Tomato and Puy Lentil Soup
This is a very hearty vegan soup, very filling and nutritious and just what you want on a cold winter’s evening. Have some in a comfy chair by a good roaring fire – or a heater, whatever you’ve got. Enjoy it.
This a yummy and comforting vegan soup. I found this recipe on a food blog called Honest Fare (link below). The original recipe used Worcestershire sauce which has anchovies in its ingredients, so it’s not even vegetarian nevermind vegan. I didn’t realise this when I first posted the recipe but as it happened I was using a vegan version of Worcestershire sauce anyway called Worcester sauce. I don’t think it’s as spicy as the original and there is a vegan sauce called Hot Pepper Sauce that is good at adding a kick to dishes, so if you’re looking for a kick add a bit of this to the soup after it has cooked.
This soup is yummy. It tastes like lying on the sofa with a good book with the fire on or wrapped in a cozy blanket or both. I think that’s what they call “umami”. This soup has umami in spades.
I found this recipe on Honest Fare. I didn’t have any miso paste so I just left that out, I also added more paprika, used tinned whole plum tomatoes and added some dillisk. I also used all dried herbs and didn’t make a herb packet. If you’ve read other recipes here you may have noticed that I usually use dried herbs. This is not because I think dried herbs are better, fresh herbs have a sweetness and a vibrancy that you cannot get with dried, and from a nutritional standpoint fresh are better, but dried herbs have some nutritional value too and more importantly they have such a long shelf-life, usually 1 – 2 years, and I hate to see fresh herbs that I haven’t got around to using withering away. If I had a herb garden I’d always use fresh herbs but I don’t so for normal everyday cooking I use dried herbs.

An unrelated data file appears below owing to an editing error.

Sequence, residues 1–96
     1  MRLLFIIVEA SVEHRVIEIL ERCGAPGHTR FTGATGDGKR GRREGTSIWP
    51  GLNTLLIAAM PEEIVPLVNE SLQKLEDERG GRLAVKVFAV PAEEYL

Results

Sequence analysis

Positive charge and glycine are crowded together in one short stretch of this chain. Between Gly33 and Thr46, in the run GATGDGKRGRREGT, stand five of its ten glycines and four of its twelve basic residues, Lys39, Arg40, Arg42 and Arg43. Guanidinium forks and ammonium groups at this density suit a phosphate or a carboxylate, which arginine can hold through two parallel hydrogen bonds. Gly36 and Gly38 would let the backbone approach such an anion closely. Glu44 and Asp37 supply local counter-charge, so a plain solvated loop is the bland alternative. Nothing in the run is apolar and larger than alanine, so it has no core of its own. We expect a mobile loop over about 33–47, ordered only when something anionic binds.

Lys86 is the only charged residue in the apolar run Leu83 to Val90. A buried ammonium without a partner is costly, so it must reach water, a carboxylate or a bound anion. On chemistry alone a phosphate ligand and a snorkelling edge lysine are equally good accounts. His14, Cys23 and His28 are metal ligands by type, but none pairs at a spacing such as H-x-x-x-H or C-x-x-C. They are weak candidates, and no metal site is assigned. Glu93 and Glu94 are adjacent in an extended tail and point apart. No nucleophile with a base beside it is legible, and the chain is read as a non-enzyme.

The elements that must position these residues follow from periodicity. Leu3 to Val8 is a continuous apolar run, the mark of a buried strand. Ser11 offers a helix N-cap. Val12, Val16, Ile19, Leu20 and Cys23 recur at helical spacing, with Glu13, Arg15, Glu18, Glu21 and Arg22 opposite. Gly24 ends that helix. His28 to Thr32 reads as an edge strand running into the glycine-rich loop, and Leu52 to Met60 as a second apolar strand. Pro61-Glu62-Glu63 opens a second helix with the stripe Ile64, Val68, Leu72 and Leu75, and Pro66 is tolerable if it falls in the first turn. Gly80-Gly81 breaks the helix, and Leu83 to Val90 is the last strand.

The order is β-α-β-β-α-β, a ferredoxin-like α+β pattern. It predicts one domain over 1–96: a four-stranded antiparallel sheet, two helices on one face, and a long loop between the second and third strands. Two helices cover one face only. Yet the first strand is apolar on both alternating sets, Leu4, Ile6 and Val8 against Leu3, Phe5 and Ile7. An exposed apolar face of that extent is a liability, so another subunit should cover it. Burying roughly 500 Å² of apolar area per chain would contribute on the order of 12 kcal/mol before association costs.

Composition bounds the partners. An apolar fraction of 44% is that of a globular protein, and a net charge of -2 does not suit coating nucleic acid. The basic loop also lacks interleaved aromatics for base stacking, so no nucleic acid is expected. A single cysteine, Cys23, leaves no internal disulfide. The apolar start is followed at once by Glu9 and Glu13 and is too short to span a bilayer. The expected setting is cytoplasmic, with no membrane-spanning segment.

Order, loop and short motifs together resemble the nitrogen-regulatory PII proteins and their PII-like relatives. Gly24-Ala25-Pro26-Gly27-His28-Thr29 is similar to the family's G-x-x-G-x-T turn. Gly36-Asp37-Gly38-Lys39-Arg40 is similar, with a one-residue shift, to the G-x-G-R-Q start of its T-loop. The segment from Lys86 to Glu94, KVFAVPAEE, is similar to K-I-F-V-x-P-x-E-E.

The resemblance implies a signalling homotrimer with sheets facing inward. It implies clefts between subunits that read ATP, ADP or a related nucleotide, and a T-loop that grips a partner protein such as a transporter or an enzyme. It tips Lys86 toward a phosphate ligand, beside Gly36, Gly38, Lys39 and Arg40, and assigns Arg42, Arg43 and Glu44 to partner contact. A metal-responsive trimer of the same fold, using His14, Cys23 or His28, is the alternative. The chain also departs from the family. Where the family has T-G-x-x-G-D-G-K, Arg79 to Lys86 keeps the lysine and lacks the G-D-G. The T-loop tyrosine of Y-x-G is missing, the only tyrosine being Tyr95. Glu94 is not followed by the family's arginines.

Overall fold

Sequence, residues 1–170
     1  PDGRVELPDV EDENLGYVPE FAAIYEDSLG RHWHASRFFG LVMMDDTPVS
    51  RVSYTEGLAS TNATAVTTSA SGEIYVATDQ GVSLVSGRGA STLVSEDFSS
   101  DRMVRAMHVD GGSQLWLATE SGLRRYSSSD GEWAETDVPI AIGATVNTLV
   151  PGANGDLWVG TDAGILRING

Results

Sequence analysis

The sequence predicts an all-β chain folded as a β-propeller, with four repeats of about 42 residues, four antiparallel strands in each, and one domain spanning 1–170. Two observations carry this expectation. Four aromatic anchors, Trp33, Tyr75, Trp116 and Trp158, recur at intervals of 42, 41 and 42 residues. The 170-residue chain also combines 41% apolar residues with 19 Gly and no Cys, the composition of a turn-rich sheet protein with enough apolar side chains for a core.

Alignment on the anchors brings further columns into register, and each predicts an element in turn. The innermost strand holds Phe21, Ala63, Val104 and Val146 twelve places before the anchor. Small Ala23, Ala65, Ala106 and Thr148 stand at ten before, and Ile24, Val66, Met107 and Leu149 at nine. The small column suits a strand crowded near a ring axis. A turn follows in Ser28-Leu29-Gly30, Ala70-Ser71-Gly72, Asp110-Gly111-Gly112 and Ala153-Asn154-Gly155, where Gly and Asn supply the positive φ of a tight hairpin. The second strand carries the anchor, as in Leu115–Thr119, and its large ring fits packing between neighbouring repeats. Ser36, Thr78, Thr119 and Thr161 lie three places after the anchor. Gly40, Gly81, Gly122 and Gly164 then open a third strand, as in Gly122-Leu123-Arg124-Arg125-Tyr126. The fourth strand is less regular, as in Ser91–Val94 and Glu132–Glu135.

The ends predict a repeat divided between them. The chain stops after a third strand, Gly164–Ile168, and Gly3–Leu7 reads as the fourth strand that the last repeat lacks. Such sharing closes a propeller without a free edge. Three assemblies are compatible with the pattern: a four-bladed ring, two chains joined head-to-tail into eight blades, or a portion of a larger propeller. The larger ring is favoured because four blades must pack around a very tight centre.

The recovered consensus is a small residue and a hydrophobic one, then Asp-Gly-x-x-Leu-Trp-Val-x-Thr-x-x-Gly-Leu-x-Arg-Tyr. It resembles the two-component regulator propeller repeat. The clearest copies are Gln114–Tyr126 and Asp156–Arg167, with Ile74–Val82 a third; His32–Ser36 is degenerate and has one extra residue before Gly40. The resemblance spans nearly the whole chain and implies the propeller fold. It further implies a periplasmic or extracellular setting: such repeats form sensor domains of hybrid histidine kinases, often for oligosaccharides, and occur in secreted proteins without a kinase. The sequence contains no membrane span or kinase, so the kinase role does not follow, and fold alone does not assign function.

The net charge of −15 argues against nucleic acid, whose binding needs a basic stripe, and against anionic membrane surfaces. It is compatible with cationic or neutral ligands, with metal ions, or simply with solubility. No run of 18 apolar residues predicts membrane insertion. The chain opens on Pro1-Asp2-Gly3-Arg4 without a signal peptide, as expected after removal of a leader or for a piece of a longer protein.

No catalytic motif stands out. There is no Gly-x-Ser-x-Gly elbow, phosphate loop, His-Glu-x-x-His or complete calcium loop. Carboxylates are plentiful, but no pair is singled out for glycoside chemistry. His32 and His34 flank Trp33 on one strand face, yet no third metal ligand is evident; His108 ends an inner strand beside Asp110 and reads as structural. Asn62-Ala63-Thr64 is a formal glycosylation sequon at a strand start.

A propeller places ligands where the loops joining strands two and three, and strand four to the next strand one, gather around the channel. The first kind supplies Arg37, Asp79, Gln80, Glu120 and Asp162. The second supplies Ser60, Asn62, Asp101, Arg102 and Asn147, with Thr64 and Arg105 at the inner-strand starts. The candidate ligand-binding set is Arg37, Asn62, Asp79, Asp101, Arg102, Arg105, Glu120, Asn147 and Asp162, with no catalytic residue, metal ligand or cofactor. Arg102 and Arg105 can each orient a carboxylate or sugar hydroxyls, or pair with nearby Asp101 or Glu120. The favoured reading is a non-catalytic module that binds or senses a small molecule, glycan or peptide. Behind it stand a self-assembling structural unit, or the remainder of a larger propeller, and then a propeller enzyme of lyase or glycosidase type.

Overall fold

I use more fresh herbs these days because they now sell them in packets – I hate buying the plants and they end up dying on me.
The reason why I added the dillisk was purely for the goodness you get from it. Dillisk is rich in iron, potassium, zinc, manganese and it also contains calcium. I wasn’t really sure how it was going to affect the taste of the soup. I added it with the water, so quite early on, and to begin with I wasn’t crazy about how it was tasting but after it simmering away with the soup for 30 minutes or so, it actually add this slight background to the saltiness in the soup which was very pleasant.
Another wonderful nutrient found in Dillisk is vitamin B12. Vitamin B12 is an essential part of anyone’s diet and it is mostly found in animal sources. I didn’t mention it above because after cooking it for 30 minutes it is unlikely that there will be any vitamin B12 in this soup but it’s unusual to find a vegan-friendly and natural source of B12 so I thought it worth mentioning. Hmm, I’ll have to give some thought to what I can add it to uncooked that I will happily eat…
I just read this article 11 foods a vegan should include and it says that vegans shouldn’t rely on just seaweed to meet your vitamin B12 requirements, you need to have foods that are fortified with B12 or use supplement. Vitamin B12 is essential for your health.